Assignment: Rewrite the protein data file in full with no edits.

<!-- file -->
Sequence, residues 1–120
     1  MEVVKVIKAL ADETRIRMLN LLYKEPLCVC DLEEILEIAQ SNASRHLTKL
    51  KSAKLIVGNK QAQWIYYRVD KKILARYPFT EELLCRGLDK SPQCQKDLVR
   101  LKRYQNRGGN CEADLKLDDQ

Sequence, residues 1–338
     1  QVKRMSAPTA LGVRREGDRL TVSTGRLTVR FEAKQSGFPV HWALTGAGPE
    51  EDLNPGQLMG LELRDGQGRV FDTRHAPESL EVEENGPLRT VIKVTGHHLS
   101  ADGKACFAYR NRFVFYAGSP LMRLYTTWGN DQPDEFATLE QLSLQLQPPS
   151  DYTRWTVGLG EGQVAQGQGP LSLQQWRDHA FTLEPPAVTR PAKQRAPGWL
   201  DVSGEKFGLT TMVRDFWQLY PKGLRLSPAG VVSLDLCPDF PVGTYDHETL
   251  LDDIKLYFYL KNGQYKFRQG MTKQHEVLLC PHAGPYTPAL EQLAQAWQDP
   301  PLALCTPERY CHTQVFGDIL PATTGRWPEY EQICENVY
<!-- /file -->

Sequence, residues 1–120
     1  MEVVKVIKAL ADETRIRMLN LLYKEPLCVC DLEEILEIAQ SNASRHLTKL
    51  KSAKLIVGNK QAQWIYYRVD KKILARYPFT EELLCRGLDK SPQCQKDLVR
   101  LKRYQNRGGN CEADLKLDDQ

Sequence, residues 1–338
     1  QVKRMSAPTA LGVRREGDRL TVSTGRLTVR FEAKQSGFPV HWALTGAGPE
    51  EDLNPGQLMG LELRDGQGRV FDTRHAPESL EVEENGPLRT VIKVTGHHLS
   101  ADGKACFAYR NRFVFYAGSP LMRLYTTWGN DQPDEFATLE QLSLQLQPPS
   151  DYTRWTVGLG EGQVAQGQGP LSLQQWRDHA FTLEPPAVTR PAKQRAPGWL
   201  DVSGEKFGLT TMVRDFWQLY PKGLRLSPAG VVSLDLCPDF PVGTYDHETL
   251  LDDIKLYFYL KNGQYKFRQG MTKQHEVLLC PHAGPYTPAL EQLAQAWQDP
   301  PLALCTPERY CHTQVFGDIL PATTGRWPEY EQICENVY